Market coupling is one of the key-policies for achieving the EU single electricity market. The EU Commission praises the price-lowering effects of market integration in the first draft of the Internal Market Communication of August 30th: “wholesale electricity prices in the EU have risen much less thanks to competition facilitated by increasing cross-border trading and market integration”.
And common sense would indeed suggest that in competitive markets the average price of two market zones will be equal or lower when they are coupled than when they are separate. In fact, coupling should lead to lower average prices for typical electricity markets (increasing marginal cost on the supply side and price-inelastic demand). The intuitive reason is that the most expensive MWh in the expensive country might be replaced by switching on one additional MWh in the cheaper country. As marginal cost is increasing the switched-off MWh will be disproportionally more expensive than the switched on MWh. In our example (see Figure 1) in the first market 10 MWh with marginal cost of 158-176 EUR are switched on while 10 MWh with marginal cost of 176-239 EUR are switched off.
In a Cournot competition setting this effect is amplified by the increase in the number of players in the joint market. This increased competition in the joint setting will drive down prices compared to the separate market setting. In our example (see Figure 2) coupling two monopolistic markets (with similar cost curves) to one duopolistic market drives down the average price by 7 percent.
The above illustrated supply curve smoothing and competition enhancing effect of market coupling would suggest, everything else being equal, that consumers in two markets in total face lower electricity bills when the markets are coupled, then when they are not.
We now move on to test this important proposition empirically using European spot electricity prices. The hypothesis is that at a given total demand in the two markets, average prices are typically lower when the markets are coupled than if they are decoupled. In Figure 3 the relation between load-weighted average prices (in €/MWh) in the Franco-German market and total volume (in GWh) in the Franco-German market is depicted (green dots). Thereby, the upper subplot only plots the instances were electricity prices in both countries are close to equal (price difference less than 5%) while the lower subplot restricts the sample to hours where the prices were differing by more than 5%. To make the subplots comparable the polynomial approximation to the volume-price relation has been depicted in both cases as a line.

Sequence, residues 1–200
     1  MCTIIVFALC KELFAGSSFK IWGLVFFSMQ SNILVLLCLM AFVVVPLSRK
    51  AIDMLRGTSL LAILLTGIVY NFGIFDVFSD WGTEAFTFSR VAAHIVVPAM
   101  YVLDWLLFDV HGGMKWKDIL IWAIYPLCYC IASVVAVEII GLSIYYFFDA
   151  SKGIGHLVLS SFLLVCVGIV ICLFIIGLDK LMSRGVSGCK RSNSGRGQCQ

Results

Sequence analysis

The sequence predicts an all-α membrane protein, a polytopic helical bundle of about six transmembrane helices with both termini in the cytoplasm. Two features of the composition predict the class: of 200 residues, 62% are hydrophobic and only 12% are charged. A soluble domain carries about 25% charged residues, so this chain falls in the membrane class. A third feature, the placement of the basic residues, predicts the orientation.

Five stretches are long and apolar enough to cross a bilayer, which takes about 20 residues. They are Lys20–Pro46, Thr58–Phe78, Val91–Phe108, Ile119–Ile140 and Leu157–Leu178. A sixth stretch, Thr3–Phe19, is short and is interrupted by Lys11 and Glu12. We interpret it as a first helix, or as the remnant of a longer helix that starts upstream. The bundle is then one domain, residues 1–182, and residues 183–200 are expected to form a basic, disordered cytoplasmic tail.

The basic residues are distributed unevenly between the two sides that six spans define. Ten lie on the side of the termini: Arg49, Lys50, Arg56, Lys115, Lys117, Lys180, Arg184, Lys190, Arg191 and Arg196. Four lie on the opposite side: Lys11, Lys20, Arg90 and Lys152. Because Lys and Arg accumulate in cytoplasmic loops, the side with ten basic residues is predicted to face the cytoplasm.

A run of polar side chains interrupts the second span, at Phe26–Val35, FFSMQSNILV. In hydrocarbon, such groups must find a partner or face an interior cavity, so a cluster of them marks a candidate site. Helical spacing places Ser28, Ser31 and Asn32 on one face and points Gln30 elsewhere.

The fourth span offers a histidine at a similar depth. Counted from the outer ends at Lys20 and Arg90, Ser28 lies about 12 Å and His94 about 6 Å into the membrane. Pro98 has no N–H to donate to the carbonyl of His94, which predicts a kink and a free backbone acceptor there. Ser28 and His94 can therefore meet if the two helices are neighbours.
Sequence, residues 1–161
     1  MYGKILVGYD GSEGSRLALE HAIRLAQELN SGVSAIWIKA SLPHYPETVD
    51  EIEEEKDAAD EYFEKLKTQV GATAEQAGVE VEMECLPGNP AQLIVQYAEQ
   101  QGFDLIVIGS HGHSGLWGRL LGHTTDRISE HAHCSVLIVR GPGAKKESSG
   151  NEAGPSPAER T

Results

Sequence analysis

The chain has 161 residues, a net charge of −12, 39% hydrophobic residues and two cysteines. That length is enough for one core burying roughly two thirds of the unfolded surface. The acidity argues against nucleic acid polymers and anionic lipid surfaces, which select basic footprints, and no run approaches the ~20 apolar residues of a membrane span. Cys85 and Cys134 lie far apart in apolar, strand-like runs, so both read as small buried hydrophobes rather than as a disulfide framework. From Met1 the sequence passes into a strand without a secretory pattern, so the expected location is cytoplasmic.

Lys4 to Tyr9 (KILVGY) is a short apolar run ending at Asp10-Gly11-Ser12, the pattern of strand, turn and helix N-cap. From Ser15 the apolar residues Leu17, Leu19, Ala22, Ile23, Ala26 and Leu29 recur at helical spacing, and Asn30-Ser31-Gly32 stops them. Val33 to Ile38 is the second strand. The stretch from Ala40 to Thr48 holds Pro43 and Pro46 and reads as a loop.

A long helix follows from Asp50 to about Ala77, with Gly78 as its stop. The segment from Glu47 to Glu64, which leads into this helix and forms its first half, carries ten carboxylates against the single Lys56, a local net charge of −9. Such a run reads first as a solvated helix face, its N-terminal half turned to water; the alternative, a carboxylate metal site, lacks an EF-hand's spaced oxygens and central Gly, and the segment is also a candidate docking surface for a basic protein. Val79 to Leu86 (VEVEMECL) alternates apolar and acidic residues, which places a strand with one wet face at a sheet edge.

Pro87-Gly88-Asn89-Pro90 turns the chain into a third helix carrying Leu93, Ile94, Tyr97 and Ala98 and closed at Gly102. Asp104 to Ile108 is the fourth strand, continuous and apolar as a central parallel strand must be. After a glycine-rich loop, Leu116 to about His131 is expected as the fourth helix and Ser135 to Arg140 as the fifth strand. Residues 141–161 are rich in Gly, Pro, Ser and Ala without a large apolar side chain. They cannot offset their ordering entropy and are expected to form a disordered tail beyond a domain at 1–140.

In Figure 4 the prices in both cases are compared. Based on the flattening supply curve and the competition effect one would expect that the red line that represents the average price when markets are decoupled is systematically higher than the blue line that represents the average price when markets are coupled (the lines are polynomial approximations to the price/volume curve). The surprising result is that price equalization (coupling) does only lead to a slightly lower average price at very low levels of electricity demand for the depicted Franco-German case.
This finding can be reproduced for many years and country combinations (see Figure 5). The only exception from this rule was the Germany-Nordic market combination in 2008 that featured significantly lower prices when the markets were coupled, than when they were not. Results are also not sensitive to the difference threshold. The figures for the 1% and 10% threshold for all 12 cases are suggesting no systematically higher price in case of decoupling like the here reported 5% threshold results.
The presented findings are still very preliminary. If they can be confirmed more generally they would point to the conclusion that market coupling is much less beneficial for final customers than one might have expected. In this case, identifying the reasons why market coupling does not drive down prices is required to be able to reap the full benefits of market integration for consumers.
One possible explanation could be the sometimes unusual shapes of electricity cost curves (compared to microeconomic textbook cost curves). When moving to a cost function with a long flat left that become very steep at the right end the above outlined proposition that market coupling leads to lower average prices (due to the flattening supply curve and the competition effect) does not need to hold anymore. As illustrated in the below example (see Figure 6) the price might converge to the higher price when the more sizable low price zone is forced to accept higher prices due to coupling. More research on under which conditions to expect rising/falling prices from market coupling is necessary. This possibly needs to involve supply function equilibria to address the effects of oligopolistic competition in market integration.
Just to be clear, the presented findings do not challenge the view that coupling markets is welfare enhancing. In all presented simulations, total welfare after coupling is larger or equal than in the uncoupled case. The results do also not allow deductions on additional benefits of market coupling such as potentially reduced volatility. So the sole finding I would like to put up for discussion is that market coupling might not have reduced average wholesale prices and hence did not increase consumer rents.
Georg Zachmann,Research Fellow, Bruegel
P.S. This blogpost has been originally posted at www.bruegel.org/nc/blog/detail/article/898-market-coupling-does-not-lower-prices.